Constantine, Catholicism, sun worship and the Sabbath to Sunday change
In 312 A.D., prior to his pivotal victory over his rival Maxentius at the Battle of Milvian Bridge, Constantine became a “Christian” after claiming to see in broad daylight a vision of “a cross above the sun” with these words emblazoned, “in hoc signo vinces” (by this sign conquer”). After defeating his enemies and becoming Emperor of Rome, Constantine presided in full royal pomp over the “First Council of Nicea” in 325 A.D.
A shrewd political genius, his scheme was to unite paganism and Christianity in an effort to strengthen his disintegrating empire. Constantine knew that pagans throughout the empire worshiped the sun on “the first day of the week,” and he discovered that many Christians and especially in Rome and Alexandria also kept ‘Sunday’ because Messiah rose from the dead on that day. So Constantine developed a plan to unite both groups on the common platform of Sunday keeping. On March 7, 321 A.D., he passed his famous national Sunday law:
“On the venerable Day of the Sun let the magistrates and people residing in cities rest, and let all workshops be closed.” Source: Codex Justinianus, lib. 3, tit. 12, 3; trans. in Philip Schaff, History of the Christian Church, Vol.3 (5th ed.; New York: Scribner, 1902), p.380, note 1.
And another source: “Let all judges and townspeople and occupations of all trades rest on the venerable day of the Sun [Sunday]; nevertheless, let those who are situated in the rural districts freely and with full liberty attend to the cultivation of the fields, because it so frequently happens that no other day may be so fitting for ploughing grains or trenching vineyards, lest at the time the advantage of the moment granted by the provision of heaven may be lost.” The Code of Justinian, Book 3, title 12, law 3.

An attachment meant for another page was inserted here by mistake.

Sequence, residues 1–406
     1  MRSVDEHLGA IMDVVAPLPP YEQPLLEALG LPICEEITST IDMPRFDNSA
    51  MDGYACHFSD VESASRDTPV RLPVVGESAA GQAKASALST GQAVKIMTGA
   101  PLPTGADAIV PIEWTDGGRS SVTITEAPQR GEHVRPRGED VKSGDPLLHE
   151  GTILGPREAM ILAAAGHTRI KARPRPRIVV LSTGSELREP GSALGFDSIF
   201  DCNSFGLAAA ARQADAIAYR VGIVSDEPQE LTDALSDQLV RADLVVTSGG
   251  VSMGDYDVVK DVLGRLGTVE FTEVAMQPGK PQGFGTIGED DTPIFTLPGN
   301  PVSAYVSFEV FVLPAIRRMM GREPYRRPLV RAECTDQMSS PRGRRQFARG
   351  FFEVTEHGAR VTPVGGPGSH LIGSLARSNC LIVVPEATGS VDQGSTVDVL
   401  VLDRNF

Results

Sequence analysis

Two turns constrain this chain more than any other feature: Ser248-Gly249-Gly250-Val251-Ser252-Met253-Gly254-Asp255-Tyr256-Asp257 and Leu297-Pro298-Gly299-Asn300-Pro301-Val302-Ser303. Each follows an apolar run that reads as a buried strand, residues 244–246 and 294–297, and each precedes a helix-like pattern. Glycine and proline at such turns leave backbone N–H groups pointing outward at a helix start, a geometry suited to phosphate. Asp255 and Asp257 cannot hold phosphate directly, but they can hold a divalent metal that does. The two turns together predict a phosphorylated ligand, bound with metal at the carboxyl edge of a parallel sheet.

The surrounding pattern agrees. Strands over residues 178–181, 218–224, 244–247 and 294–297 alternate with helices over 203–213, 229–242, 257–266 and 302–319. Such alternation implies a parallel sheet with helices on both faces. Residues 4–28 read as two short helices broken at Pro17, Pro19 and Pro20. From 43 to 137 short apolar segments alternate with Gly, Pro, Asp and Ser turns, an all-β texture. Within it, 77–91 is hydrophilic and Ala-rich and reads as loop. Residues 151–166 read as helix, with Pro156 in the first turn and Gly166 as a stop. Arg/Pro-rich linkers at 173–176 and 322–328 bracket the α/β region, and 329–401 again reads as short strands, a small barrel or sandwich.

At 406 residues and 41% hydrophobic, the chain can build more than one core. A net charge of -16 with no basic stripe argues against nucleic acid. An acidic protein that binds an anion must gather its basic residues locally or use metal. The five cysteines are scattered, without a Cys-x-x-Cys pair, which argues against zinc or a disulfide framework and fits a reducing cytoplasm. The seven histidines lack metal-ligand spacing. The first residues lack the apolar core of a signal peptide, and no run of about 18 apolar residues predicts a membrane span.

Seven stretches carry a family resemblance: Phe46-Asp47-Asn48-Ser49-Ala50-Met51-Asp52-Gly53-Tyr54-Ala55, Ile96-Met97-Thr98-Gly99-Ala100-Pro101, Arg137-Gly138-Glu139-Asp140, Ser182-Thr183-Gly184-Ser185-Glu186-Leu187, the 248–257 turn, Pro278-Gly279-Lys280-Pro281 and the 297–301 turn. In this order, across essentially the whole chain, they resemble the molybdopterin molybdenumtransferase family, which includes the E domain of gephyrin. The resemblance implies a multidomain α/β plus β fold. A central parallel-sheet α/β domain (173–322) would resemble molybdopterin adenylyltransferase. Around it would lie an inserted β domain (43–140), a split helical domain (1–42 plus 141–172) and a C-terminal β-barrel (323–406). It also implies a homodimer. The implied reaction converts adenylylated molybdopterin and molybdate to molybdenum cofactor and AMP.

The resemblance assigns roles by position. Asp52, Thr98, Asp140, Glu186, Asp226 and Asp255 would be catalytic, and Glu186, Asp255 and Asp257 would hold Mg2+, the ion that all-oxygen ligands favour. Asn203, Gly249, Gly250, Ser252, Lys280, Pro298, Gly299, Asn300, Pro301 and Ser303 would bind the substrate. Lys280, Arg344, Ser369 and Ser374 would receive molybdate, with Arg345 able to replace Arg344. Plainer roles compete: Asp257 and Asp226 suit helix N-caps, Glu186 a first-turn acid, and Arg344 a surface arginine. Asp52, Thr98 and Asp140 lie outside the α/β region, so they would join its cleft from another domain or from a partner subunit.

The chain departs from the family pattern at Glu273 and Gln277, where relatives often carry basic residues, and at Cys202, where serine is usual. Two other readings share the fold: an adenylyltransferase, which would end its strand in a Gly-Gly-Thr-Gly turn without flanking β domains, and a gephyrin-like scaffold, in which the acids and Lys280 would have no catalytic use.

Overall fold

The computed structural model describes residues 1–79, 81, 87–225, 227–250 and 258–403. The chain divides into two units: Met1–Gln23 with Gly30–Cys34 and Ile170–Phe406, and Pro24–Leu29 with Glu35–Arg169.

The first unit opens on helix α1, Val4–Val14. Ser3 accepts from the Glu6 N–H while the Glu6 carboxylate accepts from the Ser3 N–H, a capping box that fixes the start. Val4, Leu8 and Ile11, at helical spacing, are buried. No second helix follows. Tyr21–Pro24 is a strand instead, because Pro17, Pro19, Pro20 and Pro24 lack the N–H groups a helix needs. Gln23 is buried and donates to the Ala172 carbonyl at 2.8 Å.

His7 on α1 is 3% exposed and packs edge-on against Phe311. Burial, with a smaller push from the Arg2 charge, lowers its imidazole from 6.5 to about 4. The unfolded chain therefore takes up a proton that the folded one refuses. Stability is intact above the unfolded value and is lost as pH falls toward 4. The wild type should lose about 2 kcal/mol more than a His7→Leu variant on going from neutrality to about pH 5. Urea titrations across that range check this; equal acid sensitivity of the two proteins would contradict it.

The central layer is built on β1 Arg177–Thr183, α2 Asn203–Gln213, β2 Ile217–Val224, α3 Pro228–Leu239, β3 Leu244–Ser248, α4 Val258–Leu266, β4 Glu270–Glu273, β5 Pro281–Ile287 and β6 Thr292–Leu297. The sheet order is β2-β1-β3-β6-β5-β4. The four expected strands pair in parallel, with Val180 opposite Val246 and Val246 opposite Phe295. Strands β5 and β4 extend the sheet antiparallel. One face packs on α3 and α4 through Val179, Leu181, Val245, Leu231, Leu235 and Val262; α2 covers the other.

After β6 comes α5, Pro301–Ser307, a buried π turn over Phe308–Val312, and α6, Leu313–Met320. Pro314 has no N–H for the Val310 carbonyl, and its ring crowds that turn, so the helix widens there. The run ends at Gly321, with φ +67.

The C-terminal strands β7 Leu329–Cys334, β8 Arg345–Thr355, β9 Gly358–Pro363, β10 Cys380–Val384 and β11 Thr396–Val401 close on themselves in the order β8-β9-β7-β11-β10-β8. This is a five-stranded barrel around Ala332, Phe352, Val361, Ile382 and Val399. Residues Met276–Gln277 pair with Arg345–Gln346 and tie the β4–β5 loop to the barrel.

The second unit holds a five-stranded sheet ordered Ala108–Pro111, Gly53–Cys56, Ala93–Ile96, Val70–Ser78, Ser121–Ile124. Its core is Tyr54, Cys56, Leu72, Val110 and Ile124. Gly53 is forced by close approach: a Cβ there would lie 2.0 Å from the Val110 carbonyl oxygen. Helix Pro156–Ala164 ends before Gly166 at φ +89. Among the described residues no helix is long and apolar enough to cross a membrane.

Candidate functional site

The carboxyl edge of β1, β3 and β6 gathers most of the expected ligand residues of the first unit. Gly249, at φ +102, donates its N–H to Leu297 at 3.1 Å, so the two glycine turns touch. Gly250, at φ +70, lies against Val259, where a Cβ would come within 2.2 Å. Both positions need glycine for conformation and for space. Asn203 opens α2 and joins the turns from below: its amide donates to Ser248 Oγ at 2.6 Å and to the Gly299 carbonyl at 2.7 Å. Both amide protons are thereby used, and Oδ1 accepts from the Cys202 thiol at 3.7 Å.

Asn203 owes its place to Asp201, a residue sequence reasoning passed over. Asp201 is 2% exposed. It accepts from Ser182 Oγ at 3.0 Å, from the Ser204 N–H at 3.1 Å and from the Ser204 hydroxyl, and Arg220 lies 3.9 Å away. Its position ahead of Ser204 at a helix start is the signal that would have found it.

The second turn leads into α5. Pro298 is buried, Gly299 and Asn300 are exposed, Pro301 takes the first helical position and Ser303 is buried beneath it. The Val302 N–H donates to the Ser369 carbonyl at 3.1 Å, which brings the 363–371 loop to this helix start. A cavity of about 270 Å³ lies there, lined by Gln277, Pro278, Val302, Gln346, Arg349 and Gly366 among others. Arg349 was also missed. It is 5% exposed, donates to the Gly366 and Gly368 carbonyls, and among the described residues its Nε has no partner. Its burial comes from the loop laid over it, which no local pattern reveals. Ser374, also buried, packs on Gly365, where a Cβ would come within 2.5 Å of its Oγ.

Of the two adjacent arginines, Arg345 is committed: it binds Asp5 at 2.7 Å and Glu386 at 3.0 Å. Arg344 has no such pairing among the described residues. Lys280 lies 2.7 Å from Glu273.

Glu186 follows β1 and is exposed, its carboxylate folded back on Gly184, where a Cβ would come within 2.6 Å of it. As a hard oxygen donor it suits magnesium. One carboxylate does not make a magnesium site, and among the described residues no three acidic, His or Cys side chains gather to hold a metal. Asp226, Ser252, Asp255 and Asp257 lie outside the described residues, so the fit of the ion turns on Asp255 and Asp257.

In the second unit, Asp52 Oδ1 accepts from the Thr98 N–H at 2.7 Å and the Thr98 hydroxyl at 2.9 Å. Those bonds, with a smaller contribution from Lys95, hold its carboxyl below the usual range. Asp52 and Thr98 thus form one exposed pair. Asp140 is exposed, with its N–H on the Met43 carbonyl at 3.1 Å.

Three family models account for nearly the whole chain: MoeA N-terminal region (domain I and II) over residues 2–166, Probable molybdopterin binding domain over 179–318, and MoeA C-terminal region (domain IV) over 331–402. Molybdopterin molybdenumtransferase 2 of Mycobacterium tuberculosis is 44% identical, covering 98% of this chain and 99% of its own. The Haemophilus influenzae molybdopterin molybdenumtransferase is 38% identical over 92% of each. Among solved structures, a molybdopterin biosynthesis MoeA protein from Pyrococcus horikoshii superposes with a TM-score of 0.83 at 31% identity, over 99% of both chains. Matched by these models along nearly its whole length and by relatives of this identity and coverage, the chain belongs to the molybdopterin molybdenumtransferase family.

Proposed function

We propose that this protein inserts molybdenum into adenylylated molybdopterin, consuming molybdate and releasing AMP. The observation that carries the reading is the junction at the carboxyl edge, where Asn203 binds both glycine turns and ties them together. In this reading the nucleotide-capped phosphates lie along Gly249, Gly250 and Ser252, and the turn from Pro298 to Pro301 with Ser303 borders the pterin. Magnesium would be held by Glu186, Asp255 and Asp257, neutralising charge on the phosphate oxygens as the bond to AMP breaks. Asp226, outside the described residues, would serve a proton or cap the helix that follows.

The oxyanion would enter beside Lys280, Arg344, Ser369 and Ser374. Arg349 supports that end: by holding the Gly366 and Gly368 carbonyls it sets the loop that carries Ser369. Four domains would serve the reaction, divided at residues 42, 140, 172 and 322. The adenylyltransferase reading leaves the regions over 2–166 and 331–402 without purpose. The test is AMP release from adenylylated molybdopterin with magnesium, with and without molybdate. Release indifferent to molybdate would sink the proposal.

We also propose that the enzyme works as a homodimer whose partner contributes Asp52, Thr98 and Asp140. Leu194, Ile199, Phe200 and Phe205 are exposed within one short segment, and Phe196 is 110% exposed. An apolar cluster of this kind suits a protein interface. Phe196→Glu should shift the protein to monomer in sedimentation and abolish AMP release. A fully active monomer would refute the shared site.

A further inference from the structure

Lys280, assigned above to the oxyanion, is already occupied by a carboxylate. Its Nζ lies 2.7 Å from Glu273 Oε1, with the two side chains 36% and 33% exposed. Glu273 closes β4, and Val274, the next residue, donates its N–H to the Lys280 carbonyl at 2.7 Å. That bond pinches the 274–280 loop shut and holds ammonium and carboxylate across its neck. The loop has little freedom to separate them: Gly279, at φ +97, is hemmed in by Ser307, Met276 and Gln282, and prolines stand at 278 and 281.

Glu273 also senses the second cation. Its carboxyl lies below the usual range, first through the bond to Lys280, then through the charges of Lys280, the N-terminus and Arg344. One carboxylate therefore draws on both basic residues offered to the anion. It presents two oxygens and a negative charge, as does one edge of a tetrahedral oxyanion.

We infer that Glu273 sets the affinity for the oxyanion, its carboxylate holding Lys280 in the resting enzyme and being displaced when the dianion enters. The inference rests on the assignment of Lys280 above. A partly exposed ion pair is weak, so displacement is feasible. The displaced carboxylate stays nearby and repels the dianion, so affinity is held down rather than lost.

Now a professed Christian, Constantine nevertheless remained a devout sun worshipper. “The sun was universally celebrated as the invincible guide and protector of Constantine,” notes Edward Gibbon in his classic Decline and Fall of the Roman Empire, ch. xx, par. 3.
Constantine even printed coins which “bore on the one side the letters of the name of Christ, on the other the figure of the sun god.” Arthur P. Stanley, History of the Eastern Church, lect. vi, par. 14.
Again, Constantine’s promotion of Sunday observance was part of his definite strategy to combine paganism with Christianity: “The retention of the old pagan name of dies Solis, or ‘Sunday,’ for the weekly Christian festival, is in great measure owing to the union of pagan and Christian sentiment with which the first day of the week was recommended by Constantine to his subjects, pagan and Christian alike, as the ‘venerable day of the Sun.’” Stanley’s History of the Eastern Church, p. 184.
“The Jewish, the Samaritan, even the Christian, were to be fused and recast into one great system, of which the sun was to be the central object of adoration.” Henry Milman, The History of Christianity, Book 2, chap. 8, Vol. 22, p. 175. In 330 A.D., Constantine moved his capital from Rome to Constantinople (modern Istanbul), thus preparing the way for the Roman Catholic Popes to reign in Rome as the successors of Constantine. As the Papal Church grew in power, it opposed Sabbath observance in favour of Sunday sacredness and made the day change official in the Council of Laodicea (A.D. 363-364). Constantine’s plan was successful and the result of his Sunday law was now fully accepted and adopted by the Papal Church, and the Sabbath to Sunday change was complete.
Some correctly teach that Constantine only instituted the first Sunday law, but they very conveniently fail to acknowledge why and the remainder of the story. The Council of Laodicea around A.D. 364 decreed 59 Canon laws. Canon XXIX: “Christians must not judaize by resting on the Sabbath, but must work on that day, rather honouring the Lord’s Day; and, if they can, resting then as Christians. But if any shall be found to be judaizers, let them be anathema from Christ.” (Percival Translation).